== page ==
Researchers and clean air advocates in India have used GDB data to highlight the health impacts of air pollution, and to guide the development of a pioneering new framework to address this major risk factor.

Air pollution is the leading risk factor for early death and disability in India, contributing to conditions such as stroke, heart disease, respiratory infections, and lung cancer. Outdoor air pollution – the kind associated with emissions from power plants, industry, and vehicles – was linked to 1.1 million deaths, while indoor air pollution – which results from the burning of solid fuels such as wood, dung, and crop residues in people’s homes for cooking and heat – contributed to another 977,000 deaths.

 Leading risk factors for all causes in India by number of DALYs, 2015

Faced with alarming statistics like this, researchers in India have been using IHME’s evidence to spur the government into action on managing air quality. Kalpana Balakrishnan of Sri Ramachandra University, Chennai, and Anumita Roychowdhury of the Centre for Science and Environment, New Delhi, have been leading advocates for tackling the problem of air pollution in India, using GBD data in a number of publications and presentations to demonstrate the heavy burden it imposes on the nation’s health. Their work has demonstrated not only that the health burden caused by air pollution is higher and more wide-ranging than previously estimated, but also that authorities will need to take a new approach when it comes to improving air quality: rather than the traditional focus on reducing emissions in cities, there is a pressing need for integrated strategies that deal with both outdoor and indoor air pollution.   

The Indian government has listened. In 2015 the Ministry of Health and Family Welfare (MHFW) convened the Steering Committee on Air Pollution and Health Related Issues, releasing a landmark report on the subject that makes several recommendations for achieving the largest possible reductions in exposure to air pollution. These recommendations include improving access to clean cooking energy, targeted approaches to reducing vehicle use, controlling trash burning, and promoting the uptake of clean technologies in industry. According to members of the committee, this integrative approach “will not only help address this major problem in an efficient and effective manner, but also serve as a model for other developing countries that likewise need to manage health impacts from a combination of household and outdoor air pollution.” Concrete policy actions are already starting to take shape: the government’s most recent budget includes a commitment of at least $1.5 billion dollars to provide clean cooking fuel to 50 million poor households across the country.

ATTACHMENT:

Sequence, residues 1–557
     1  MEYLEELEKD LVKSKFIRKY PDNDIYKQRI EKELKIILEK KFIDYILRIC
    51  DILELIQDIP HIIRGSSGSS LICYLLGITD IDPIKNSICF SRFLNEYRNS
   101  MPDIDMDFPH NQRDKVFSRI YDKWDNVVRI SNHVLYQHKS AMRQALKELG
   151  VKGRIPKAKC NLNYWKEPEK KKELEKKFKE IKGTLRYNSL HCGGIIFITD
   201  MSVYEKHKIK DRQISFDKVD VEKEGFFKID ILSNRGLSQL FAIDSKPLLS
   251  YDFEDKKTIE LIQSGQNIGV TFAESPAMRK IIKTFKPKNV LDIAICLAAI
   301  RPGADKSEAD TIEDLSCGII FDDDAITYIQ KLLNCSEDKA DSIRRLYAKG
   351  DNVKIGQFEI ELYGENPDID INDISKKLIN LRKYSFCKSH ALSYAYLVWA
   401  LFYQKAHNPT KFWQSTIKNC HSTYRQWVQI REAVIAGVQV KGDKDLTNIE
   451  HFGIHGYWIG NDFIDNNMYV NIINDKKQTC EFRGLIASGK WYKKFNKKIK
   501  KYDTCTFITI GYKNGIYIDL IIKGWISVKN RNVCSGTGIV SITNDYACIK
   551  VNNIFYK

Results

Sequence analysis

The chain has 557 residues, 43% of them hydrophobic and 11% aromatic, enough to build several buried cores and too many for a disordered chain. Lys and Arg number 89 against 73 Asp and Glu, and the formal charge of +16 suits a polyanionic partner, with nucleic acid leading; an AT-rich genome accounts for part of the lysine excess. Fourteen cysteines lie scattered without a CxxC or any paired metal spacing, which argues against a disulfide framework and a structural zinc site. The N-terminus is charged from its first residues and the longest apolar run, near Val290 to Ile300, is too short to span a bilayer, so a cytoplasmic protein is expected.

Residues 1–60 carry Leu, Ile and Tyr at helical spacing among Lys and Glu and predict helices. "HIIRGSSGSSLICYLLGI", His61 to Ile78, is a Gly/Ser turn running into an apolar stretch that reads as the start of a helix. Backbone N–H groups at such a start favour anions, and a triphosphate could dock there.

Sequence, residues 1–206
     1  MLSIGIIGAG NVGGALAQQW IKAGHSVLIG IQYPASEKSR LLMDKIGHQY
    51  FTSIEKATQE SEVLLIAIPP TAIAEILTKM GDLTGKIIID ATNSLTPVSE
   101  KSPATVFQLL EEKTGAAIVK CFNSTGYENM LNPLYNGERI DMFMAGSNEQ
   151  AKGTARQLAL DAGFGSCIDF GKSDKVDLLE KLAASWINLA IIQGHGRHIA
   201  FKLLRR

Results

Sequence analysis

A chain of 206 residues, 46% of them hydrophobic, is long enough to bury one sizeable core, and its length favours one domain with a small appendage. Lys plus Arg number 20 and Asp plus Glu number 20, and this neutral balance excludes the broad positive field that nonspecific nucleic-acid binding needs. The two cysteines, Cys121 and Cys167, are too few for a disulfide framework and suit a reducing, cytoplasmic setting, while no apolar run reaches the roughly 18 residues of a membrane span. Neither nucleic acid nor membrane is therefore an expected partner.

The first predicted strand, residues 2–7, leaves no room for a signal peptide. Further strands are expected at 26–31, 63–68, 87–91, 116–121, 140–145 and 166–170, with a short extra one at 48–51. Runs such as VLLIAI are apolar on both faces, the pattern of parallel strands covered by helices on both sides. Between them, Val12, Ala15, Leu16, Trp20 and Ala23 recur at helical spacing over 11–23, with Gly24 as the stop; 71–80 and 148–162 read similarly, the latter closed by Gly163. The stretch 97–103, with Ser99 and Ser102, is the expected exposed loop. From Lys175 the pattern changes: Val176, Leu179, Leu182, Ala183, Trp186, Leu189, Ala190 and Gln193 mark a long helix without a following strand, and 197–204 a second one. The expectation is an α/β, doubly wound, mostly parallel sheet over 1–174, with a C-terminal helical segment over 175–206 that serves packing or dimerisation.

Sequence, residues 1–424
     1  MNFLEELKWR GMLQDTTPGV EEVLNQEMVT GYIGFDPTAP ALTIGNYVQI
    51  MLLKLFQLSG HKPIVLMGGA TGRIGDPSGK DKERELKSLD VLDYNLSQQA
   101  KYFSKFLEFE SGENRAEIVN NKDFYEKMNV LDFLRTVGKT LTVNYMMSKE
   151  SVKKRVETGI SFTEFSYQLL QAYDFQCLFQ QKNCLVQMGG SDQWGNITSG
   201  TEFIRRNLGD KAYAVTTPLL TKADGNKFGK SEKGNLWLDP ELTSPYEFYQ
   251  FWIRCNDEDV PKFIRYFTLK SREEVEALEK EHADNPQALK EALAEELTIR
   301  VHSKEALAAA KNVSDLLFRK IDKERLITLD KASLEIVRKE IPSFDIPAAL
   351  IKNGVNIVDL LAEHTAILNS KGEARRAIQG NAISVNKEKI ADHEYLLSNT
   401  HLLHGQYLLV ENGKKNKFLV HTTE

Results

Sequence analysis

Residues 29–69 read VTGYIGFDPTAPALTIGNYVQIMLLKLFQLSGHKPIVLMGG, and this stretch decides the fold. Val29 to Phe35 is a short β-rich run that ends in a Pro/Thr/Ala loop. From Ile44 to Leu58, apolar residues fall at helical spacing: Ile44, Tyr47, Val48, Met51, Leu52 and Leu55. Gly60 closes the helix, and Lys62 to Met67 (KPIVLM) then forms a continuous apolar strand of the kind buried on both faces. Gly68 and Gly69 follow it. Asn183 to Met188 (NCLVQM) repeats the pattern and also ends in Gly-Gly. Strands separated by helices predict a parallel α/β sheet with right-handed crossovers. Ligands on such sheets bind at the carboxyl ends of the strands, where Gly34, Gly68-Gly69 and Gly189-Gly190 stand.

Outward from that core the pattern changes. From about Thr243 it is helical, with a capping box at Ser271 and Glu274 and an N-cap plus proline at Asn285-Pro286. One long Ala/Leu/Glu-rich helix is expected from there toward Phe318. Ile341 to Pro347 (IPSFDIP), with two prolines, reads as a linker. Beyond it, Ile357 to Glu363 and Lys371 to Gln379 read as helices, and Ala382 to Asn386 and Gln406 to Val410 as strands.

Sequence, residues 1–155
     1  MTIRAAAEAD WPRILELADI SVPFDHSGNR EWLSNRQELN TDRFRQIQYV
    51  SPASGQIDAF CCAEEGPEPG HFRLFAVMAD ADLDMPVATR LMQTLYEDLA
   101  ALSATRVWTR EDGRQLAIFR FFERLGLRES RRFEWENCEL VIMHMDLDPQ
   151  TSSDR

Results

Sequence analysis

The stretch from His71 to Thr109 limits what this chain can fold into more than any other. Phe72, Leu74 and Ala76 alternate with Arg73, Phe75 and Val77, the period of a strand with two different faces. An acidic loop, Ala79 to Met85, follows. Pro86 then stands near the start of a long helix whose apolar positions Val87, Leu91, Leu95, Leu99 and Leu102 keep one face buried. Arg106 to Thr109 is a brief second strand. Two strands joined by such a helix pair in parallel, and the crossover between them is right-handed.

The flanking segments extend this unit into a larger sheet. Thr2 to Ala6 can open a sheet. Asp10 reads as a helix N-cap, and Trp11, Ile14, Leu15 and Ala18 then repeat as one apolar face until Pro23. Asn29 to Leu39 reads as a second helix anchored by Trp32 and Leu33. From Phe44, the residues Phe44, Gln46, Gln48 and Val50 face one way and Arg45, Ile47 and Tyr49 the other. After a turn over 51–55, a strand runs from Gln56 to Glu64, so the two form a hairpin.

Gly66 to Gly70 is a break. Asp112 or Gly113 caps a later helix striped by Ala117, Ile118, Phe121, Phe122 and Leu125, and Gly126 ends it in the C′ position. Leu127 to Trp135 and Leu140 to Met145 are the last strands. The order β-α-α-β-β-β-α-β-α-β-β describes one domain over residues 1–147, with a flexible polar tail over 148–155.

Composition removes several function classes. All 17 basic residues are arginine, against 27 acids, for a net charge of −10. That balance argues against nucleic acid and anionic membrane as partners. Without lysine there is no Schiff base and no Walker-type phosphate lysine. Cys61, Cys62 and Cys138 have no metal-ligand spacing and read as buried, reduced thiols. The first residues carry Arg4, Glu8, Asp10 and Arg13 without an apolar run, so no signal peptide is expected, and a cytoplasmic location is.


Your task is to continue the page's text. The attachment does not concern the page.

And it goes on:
Noting that there is no “silver bullet” solution for reducing air pollution, India’s MHFW has committed to taking “a multi-sectoral approach, driven by environment and health data, science, and evidence.” GBD is one key source of data guiding these innovative efforts, which will help to reduce exposure to air pollution and its severe impact on people’s health across urban and rural India.